Although research has shown that children develop severe disease from COVID-19 far less commonly than adults, and therefore, the risk of death due to severity of COVID-19 is also much lower in children. However, they are not immune. There are reports of children dying due to COVID-19.  But even when children do not get seriously ill with COVID-19 or show symptoms, they can still transmit the virus to other children and adults. The rate of child-to-adult transmission of SARS-CoV-2 is roughly half the rate of adult-to-child transmission. So even when the risk is low for children, transmission to other unvaccinated kids and adults is still a serious concern.

UIN:406HP105F

Continue Reading

Coronavirus

Vaccination can help us tide over the third wave

Published

on

The  second wave is declining, although up to 30-40,000 daily new cases continue to be recorded. India is far from being a COVID-19 free nation. Moreover, the looming third wave and alerts released by different State heads to be prepared for a third wave or to make adequate arrangements for the third wave in terms of oxygen cylinders, beds, critical care wards, etc. has kept us all on our toes and inside homes for fear of expediting the arrival of the third wave.

Eminent virologist and retired professor (CMC Vellore), Dr. T Jacob John, in a recent media interview said if the Government can do justice to the vaccination, in terms of making it available in abundance and everywhere, even the unlikely probability of a third wave can be mitigated, adding that in other words, the third wave can be and must be prevented with vaccination. Dr. John also believes that the two strong waves of COVID-19 pandemic in India would have created high herd-immunity, which is why even a moderate level of vaccination will surely avert the third wave.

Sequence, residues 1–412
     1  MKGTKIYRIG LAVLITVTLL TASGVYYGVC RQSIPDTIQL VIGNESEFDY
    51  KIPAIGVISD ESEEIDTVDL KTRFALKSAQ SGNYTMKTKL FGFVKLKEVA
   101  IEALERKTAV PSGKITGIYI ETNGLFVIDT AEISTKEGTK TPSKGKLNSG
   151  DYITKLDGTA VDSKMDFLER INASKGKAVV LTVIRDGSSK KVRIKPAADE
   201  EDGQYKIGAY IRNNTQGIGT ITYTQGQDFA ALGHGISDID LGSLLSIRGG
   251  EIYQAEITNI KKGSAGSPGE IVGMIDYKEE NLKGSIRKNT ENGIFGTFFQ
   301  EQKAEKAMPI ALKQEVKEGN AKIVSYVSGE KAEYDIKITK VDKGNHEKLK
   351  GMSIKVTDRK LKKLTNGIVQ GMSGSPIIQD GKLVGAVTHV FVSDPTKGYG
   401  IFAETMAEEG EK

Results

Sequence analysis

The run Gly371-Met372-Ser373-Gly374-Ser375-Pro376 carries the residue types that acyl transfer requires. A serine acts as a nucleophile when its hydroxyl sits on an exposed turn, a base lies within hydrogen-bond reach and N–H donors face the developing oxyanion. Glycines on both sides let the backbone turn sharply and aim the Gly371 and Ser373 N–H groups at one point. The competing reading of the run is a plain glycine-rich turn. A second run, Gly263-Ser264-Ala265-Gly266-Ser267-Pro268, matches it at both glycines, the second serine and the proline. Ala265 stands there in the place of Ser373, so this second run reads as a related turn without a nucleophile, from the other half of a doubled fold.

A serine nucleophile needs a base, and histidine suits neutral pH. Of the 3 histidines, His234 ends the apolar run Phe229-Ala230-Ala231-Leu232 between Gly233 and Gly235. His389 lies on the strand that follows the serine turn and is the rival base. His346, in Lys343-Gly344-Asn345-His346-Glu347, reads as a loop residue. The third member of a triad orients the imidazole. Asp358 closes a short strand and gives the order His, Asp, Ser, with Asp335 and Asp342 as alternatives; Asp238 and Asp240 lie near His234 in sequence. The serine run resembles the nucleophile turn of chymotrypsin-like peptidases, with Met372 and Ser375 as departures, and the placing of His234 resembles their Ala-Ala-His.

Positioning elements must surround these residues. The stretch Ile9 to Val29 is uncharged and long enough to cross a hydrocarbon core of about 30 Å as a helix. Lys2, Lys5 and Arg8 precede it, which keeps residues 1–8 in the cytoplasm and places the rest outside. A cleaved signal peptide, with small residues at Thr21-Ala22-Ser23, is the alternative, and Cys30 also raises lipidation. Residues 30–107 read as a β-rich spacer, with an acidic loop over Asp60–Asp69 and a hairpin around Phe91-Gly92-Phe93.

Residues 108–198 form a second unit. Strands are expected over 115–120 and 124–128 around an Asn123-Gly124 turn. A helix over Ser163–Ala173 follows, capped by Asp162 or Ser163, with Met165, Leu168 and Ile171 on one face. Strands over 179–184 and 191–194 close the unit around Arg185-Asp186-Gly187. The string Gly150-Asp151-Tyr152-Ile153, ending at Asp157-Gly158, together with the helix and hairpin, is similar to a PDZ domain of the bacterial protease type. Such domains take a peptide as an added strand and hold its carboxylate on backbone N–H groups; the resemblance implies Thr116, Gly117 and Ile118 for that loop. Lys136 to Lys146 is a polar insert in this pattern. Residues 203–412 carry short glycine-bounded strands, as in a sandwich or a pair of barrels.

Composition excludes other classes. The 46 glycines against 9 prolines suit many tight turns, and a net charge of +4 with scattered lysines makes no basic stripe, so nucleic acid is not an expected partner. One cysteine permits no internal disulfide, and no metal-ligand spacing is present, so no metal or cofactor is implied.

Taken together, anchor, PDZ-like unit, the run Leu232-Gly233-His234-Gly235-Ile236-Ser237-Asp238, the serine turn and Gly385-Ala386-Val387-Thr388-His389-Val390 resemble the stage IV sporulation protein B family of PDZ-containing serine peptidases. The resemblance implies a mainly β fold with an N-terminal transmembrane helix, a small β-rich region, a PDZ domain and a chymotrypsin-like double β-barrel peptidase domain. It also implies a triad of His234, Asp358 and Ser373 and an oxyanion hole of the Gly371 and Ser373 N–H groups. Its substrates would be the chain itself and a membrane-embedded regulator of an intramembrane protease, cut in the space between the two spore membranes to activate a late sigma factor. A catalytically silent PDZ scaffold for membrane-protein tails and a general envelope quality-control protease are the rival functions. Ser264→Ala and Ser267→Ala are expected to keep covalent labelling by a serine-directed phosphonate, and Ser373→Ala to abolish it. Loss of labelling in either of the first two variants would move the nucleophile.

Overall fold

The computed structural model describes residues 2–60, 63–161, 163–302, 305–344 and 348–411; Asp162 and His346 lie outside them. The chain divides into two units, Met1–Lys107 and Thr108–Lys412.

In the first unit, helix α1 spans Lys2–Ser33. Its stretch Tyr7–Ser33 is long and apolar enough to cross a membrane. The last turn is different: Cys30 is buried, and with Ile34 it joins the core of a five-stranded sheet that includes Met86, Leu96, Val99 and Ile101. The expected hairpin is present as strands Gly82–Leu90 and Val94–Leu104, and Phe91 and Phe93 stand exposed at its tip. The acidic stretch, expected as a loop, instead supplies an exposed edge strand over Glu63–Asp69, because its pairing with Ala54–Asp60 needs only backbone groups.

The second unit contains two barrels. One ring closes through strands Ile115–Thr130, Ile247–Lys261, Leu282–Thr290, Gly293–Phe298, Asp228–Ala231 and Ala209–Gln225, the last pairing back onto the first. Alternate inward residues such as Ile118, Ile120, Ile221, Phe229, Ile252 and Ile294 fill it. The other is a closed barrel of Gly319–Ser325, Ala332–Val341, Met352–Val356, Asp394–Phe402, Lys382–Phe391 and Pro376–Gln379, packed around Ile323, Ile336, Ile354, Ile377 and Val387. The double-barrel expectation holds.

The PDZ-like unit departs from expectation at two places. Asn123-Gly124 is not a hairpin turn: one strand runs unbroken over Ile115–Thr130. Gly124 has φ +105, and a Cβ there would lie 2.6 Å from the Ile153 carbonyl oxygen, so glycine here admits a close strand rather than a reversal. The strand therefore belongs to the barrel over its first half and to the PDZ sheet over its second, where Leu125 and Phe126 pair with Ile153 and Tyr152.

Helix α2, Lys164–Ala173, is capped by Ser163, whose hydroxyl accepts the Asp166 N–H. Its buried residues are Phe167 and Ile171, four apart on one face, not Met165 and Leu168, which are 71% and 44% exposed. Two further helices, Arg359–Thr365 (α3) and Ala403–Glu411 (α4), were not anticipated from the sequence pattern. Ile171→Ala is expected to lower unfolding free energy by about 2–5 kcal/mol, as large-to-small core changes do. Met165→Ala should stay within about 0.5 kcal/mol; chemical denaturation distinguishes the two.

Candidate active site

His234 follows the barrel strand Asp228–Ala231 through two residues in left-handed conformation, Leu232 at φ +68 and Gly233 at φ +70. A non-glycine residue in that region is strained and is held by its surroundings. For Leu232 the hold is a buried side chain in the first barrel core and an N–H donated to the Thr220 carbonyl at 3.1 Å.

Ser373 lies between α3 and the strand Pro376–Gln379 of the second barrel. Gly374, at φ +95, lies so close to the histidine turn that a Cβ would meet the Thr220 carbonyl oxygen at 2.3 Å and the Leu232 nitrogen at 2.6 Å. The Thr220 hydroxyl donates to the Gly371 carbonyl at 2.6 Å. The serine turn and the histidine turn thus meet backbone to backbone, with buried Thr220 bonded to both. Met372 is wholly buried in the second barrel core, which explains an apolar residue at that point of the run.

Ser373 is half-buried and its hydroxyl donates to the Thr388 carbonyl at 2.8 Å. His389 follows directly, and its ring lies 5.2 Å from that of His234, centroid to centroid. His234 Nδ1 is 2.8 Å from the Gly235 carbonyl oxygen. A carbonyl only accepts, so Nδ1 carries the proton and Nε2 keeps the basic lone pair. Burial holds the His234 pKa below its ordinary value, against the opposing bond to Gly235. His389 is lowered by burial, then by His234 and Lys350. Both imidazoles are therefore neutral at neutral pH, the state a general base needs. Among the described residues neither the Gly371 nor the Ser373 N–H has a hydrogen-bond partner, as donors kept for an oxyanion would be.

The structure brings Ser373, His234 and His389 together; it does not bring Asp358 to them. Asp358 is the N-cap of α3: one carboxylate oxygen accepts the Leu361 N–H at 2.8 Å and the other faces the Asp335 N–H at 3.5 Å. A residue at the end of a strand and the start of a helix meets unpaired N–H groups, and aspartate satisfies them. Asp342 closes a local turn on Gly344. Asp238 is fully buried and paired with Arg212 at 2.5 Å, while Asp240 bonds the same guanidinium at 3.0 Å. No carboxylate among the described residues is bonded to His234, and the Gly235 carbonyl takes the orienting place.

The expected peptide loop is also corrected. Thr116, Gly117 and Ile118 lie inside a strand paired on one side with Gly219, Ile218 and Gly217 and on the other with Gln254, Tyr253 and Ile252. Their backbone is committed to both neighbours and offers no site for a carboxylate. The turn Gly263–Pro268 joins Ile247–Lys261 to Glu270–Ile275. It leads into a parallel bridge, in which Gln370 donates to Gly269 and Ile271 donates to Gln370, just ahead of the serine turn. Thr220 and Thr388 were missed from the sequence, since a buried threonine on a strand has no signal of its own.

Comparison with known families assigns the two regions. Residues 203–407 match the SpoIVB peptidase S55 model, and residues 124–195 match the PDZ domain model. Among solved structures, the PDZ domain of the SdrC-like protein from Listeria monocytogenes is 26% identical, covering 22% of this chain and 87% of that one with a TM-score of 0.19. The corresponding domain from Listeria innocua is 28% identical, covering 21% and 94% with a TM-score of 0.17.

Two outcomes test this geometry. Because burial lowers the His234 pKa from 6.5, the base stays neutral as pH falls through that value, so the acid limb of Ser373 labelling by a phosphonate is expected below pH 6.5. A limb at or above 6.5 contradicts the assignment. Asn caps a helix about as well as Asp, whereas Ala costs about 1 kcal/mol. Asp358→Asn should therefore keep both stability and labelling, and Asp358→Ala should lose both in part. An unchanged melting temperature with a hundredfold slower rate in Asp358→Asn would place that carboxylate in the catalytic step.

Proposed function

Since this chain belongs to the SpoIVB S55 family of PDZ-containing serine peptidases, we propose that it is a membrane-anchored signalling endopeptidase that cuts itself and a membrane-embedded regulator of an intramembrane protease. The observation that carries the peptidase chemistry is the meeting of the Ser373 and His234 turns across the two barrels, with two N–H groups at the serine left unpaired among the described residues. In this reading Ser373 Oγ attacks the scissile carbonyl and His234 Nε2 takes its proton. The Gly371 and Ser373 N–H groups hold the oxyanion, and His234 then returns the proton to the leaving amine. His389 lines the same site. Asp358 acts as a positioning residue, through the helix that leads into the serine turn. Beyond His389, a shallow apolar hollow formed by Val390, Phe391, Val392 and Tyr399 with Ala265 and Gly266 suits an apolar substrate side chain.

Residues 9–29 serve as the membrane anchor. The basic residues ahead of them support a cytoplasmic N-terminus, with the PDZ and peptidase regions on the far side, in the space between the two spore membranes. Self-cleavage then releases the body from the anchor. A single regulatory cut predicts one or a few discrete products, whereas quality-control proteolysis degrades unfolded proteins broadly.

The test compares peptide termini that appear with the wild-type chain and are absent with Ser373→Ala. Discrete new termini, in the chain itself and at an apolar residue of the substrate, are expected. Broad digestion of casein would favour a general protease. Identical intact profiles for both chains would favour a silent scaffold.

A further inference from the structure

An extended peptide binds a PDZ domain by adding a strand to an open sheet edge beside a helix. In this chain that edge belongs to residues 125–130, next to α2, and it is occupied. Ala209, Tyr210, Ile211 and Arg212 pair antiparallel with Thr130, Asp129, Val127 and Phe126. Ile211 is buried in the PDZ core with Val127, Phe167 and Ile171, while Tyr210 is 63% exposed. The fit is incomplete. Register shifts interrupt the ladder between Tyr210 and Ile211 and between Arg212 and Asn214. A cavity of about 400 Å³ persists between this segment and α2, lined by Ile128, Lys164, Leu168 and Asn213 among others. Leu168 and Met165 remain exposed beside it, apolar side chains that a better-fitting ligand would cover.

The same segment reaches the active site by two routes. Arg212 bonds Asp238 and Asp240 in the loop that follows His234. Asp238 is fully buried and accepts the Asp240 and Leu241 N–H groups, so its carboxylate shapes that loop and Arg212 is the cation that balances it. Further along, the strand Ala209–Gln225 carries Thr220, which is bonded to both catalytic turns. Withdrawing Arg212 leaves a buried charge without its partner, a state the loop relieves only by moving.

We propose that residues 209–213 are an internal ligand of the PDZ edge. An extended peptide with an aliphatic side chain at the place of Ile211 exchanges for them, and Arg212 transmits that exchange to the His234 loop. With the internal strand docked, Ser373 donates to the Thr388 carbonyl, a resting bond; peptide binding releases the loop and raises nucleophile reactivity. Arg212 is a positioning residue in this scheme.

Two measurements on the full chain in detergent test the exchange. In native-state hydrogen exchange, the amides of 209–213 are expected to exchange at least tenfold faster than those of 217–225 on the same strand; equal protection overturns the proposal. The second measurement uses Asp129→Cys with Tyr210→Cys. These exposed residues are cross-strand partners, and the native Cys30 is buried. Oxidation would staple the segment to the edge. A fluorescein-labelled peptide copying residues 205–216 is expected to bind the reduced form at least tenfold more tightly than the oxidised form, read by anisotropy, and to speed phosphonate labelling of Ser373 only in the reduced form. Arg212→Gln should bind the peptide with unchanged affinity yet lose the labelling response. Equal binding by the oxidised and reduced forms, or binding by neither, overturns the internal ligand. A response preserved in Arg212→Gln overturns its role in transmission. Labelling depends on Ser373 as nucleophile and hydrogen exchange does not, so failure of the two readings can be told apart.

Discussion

We should continue to follow physical distancing protocols and avoid crowding indoors or outdoors as much as possible.

UIN: 344HP186R

Continue Reading

Coronavirus

Complete vaccinated individuals three times less likely to get COVID-19

Published

on

In what comes as more evidence to back completing the (two-dose or one-dose) mandated course for vaccinations for COVID-19, a recent update published by the Imperial College London has shown that people who have received both doses of their coronavirus vaccine are three times less likely to get infected with COVID-19. These results from the 13th round of the Imperial-led REACT-1 study, a major coronavirus monitoring programme, are based on swab tests taken by almost 100,000 people in England between 24 June and 12 July. 

According to their website, REACT (REal-time Assessment of Community Transmission) is a series of studies that are using home testing to improve the understanding of how the COVID-19 pandemic is progressing across England. This major research programme was commissioned by the Department of Health and Social Care (DHSC) and is being carried out by Imperial College London in partnership with Ipsos MORI and Imperial College Healthcare NHS Trust.